STORY: After staying dormant for three years, Avinash Sabharwal’s alter ego, J, breaks out of the mental asylum to take revenge from everyone who once tormented the former. He has an accomplice, fellow inmate Victor. As Avinash/J is dubbed the Ravan Killer, the duo keeps bumping people off to slaying the 10 symbolic heads of Ravan. Kabir Sawant leaves no stone unturned in stopping him, but will he manage?
REVIEW: Avinash Sabharwal (Abhishek Bachchan) shows great progress in his treatment at the mental asylum, but the doctors tell him in no uncertain terms that he will never walk free. While he’s making peace with it, his alter ego, J, warns that he will finish what he started and kill everyone who tormented Avinash back in the day.
As he cannot get out, J forces Avi’s wife, Abha Sabharwal (Nithya Menen), to murder the first enemy, real estate mogul Neel Bahal. After that, he has a list of 5 more people symbolising vices that need to be finished — pride, ego, insensitivity, etc.
Season 2 (technically third, if one considers R Madhavan’s outing) of the psychological thriller sputters until mid-season and struggles to catch pace, despite all the plotting, planning, and killings. The narrative this time is considerably more buffed up than in the first season, with a menacing man, Victor (Naveen Kasturia), helping J in his mission. And officer Kabir Sawant (Amit Sadh) is roped in again to stop the serial murders.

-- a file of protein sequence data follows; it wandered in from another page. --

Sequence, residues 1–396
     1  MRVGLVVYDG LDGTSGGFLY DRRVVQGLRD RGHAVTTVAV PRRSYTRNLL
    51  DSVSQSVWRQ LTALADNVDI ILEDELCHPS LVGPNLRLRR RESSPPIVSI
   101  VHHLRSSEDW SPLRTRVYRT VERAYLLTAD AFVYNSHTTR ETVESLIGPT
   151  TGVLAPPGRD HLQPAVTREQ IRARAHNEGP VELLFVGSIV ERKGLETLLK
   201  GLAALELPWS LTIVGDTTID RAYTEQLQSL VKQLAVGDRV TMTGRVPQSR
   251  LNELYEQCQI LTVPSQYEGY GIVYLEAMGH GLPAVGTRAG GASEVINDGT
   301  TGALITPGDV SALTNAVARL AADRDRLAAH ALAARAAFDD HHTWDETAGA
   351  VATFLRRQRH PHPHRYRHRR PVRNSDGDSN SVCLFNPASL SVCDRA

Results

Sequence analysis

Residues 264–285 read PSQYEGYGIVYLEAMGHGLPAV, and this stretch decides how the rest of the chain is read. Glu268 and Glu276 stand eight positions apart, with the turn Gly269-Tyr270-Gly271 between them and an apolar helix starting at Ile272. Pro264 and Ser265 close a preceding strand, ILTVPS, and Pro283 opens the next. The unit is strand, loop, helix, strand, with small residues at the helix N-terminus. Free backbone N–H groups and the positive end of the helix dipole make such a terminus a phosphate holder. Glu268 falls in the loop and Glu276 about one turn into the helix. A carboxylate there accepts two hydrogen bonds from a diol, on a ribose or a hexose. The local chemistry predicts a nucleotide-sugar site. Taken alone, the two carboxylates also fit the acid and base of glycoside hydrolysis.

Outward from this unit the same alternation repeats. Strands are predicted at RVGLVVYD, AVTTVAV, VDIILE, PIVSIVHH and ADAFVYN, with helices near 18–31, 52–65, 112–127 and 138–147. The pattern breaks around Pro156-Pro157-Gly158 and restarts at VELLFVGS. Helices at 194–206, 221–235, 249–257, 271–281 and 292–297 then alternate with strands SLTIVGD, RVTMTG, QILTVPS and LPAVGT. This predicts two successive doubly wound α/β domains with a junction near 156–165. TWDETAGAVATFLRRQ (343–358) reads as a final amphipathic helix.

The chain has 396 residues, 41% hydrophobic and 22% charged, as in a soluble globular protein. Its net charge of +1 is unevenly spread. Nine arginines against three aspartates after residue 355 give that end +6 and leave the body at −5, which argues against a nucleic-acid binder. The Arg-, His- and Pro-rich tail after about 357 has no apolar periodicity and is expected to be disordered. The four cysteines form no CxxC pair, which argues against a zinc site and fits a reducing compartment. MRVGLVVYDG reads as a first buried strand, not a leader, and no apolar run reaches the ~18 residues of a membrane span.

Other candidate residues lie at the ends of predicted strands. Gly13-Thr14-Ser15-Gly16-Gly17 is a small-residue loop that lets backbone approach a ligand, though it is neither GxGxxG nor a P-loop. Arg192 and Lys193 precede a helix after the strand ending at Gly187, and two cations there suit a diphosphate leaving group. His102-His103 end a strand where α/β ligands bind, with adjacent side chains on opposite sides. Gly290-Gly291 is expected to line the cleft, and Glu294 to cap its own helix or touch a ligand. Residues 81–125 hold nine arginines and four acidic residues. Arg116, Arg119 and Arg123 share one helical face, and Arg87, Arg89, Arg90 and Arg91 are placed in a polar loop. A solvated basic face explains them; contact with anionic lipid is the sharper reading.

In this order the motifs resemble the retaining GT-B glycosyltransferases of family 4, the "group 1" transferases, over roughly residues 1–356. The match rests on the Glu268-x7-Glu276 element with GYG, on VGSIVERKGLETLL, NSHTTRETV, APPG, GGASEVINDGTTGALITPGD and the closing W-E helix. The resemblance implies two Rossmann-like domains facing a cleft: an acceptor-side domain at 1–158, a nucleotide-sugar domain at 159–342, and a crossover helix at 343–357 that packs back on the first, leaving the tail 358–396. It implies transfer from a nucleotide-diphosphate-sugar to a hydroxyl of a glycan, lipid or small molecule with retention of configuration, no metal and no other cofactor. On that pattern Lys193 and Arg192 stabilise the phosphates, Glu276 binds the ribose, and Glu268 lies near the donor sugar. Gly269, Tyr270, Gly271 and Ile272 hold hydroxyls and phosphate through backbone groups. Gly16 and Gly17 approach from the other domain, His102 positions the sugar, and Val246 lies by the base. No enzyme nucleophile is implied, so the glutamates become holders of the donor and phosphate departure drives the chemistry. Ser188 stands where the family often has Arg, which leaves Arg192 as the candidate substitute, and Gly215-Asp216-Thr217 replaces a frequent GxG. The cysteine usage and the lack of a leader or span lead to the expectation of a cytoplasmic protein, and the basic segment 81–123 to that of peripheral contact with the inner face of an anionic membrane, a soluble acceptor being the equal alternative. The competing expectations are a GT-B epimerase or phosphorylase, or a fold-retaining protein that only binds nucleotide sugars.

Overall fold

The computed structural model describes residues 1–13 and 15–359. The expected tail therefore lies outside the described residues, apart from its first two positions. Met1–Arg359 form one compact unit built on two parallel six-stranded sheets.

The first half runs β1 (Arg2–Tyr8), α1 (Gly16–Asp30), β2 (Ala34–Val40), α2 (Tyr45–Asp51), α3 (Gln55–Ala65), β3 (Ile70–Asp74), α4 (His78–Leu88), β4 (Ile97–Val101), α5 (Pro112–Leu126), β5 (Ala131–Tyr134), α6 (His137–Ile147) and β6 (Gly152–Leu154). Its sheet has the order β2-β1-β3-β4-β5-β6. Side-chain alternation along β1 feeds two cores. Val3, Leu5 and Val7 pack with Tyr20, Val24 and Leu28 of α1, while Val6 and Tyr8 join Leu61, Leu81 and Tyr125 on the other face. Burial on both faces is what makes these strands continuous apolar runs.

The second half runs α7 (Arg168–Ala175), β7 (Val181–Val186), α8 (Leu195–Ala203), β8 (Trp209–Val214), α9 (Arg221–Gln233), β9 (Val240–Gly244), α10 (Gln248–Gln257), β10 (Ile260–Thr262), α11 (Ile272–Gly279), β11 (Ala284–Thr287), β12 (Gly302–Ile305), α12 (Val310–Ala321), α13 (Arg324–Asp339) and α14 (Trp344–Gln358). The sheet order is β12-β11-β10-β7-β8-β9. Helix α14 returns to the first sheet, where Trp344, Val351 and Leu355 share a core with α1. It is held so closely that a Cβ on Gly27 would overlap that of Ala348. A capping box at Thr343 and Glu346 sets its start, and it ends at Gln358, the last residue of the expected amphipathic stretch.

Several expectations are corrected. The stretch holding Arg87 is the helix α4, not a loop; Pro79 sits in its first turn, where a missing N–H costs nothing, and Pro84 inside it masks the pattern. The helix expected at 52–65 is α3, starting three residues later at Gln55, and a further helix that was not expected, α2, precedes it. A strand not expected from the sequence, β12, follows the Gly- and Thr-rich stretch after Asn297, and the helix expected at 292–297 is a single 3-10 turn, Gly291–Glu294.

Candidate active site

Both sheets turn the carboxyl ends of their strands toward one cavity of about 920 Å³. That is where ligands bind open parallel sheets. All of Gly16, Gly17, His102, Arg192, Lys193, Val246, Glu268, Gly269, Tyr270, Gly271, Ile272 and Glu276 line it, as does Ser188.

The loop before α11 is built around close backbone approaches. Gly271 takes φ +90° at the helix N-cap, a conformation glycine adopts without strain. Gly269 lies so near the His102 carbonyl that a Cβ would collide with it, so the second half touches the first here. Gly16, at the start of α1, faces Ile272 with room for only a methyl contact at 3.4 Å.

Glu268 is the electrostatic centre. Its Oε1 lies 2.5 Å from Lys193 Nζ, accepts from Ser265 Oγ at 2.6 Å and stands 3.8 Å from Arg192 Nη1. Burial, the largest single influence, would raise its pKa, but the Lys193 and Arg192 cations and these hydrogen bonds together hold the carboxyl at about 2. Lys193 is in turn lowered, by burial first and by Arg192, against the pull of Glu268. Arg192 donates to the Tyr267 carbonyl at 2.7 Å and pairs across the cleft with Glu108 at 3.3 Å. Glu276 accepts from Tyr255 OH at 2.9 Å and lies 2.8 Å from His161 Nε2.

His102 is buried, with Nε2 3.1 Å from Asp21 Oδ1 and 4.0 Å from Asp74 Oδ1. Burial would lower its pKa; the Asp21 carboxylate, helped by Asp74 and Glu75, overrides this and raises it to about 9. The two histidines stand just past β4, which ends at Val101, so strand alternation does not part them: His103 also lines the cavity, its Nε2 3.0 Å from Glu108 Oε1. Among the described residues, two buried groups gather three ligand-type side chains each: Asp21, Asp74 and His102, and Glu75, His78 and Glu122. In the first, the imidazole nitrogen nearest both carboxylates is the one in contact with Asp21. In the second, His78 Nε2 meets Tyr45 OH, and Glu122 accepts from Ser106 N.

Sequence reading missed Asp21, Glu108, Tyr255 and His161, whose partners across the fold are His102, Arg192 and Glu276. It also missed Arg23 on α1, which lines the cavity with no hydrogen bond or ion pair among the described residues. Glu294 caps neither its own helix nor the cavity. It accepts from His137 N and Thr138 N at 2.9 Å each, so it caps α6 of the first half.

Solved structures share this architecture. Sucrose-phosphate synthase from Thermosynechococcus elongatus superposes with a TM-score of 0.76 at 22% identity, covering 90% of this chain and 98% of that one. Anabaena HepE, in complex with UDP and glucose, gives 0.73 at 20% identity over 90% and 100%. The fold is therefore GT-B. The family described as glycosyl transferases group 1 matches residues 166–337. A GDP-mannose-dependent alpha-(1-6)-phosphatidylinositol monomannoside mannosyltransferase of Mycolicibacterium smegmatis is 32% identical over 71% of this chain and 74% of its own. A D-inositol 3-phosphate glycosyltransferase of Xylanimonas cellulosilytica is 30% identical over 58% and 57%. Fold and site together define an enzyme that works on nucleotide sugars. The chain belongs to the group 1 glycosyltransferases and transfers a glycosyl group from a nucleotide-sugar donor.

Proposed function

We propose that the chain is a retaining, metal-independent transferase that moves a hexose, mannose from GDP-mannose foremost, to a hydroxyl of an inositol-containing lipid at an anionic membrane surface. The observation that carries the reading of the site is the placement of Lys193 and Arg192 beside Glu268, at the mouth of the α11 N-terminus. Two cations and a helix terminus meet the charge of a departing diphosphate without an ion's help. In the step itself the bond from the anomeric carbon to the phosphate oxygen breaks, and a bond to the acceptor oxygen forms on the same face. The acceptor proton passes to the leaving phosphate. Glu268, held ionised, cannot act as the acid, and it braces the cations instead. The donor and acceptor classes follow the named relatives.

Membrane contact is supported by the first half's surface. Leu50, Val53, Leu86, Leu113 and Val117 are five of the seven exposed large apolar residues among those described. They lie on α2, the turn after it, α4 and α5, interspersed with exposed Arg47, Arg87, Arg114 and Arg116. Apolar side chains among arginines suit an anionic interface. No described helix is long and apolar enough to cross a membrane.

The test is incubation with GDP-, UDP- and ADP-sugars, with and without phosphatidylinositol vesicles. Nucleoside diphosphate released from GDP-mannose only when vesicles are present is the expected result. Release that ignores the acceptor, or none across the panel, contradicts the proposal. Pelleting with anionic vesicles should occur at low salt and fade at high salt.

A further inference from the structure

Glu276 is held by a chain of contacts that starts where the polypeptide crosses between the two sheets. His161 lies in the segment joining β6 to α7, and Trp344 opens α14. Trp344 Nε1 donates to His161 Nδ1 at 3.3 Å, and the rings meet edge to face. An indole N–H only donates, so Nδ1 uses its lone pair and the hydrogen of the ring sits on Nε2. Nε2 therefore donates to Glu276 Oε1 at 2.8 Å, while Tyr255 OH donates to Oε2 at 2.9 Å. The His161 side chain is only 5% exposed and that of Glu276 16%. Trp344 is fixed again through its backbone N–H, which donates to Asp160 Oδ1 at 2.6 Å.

Each episode of approximately 42 mins has a backstory about Avinash’s encounter with the victim and why the latter deserves to die. The show’s direction (Mayank Sharma) and treatment will keep you gripped, but the murders and the escape seem too convenient, and many sequences don’t make sense. For instance, Abha doesn’t seem too distressed about killing someone. J’s tricks, such as bringing his next prey Ramneesh (Rohit Khurana), out or manipulating Kabir to turn his love interest Shirley (Saiyami Kher) against him, make things convoluted.
Abhishek Bachchan delivers a power-packed performance, and since J does not have the mask on this time round, one can witness the actor’s prowess. There’s a scene in which one can see him as Avinash, but by the time the camera circles around him, J has made an appearance. Amit Sadh is less angry than in the previous season but plays the brooding cop powerfully. Nithya Menen and Saiyami Kher had more to do in Season 1, and the former is especially underused in the new season. However, it’s Naveen Kasturia who stands out with his brilliant performance.
Shorter episodes and a tighter screenplay would have helped, but Breathe: Into the Shadows Season 2 might keep you hooked and is worth a watch for the performances.
Credit Source – https://timesofindia.indiatimes.com/web-series/reviews/hindi/breathe-into-the-shadows/season-2/articleshow/95363967.cms